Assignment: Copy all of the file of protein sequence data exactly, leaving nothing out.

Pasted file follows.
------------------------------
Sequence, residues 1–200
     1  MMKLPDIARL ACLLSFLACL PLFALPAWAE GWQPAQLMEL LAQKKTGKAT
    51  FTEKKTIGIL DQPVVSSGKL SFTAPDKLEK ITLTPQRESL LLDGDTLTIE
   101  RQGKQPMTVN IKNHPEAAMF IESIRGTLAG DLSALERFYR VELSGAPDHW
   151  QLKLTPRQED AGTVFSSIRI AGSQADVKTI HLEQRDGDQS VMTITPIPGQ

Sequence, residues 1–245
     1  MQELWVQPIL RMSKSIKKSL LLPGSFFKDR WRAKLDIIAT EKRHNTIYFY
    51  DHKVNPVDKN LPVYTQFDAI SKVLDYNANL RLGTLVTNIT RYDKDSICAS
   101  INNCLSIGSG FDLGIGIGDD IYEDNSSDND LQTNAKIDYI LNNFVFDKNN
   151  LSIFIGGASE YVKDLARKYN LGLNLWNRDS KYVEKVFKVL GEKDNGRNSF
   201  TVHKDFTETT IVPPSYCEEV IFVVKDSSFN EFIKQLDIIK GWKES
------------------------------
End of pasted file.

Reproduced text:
Sequence, residues 1–200
     1  MMKLPDIARL ACLLSFLACL PLFALPAWAE GWQPAQLMEL LAQKKTGKAT
    51  FTEKKTIGIL DQPVVSSGKL SFTAPDKLEK ITLTPQRESL LLDGDTLTIE
   101  RQGKQPMTVN IKNHPEAAMF IESIRGTLAG DLSALERFYR VELSGAPDHW
   151  QLKLTPRQED AGTVFSSIRI AGSQADVKTI HLEQRDGDQS VMTITPIPGQ

Sequence, residues 1–245
     1  MQELWVQPIL RMSKSIKKSL LLPGSFFKDR WRAKLDIIAT EKRHNTIYFY
    51  DHKVNPVDKN LPVYTQFDAI SKVLDYNANL RLGTLVTNIT RYDKDSICAS
   101  INNCLSIGSG FDLGIGIGDD IYEDNSSDND LQTNAKIDYI LNNFVFDKNN
   151  LSIFIGGASE YVKDLARKYN LGLNLWNRDS KYVEKVFKVL GEKDNGRNSF
   201  TVHKDFTETT IVPPSYCEEV IFVVKDSSFN EFIKQLDIIK GWKES